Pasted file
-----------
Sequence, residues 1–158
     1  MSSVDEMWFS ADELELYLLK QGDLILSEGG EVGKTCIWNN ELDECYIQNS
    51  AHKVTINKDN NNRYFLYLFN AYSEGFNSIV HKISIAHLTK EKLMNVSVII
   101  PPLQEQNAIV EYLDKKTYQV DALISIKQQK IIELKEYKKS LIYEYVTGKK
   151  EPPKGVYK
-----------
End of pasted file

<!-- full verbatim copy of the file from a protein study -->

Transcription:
Sequence, residues 1–158
     1  MSSVDEMWFS ADELELYLLK QGDLILSEGG EVGKTCIWNN ELDECYIQNS
    51  AHKVTINKDN NNRYFLYLFN AYSEGFNSIV HKISIAHLTK EKLMNVSVII
   101  PPLQEQNAIV EYLDKKTYQV DALISIKQQK IIELKEYKKS LIYEYVTGKK
   151  EPPKGVYK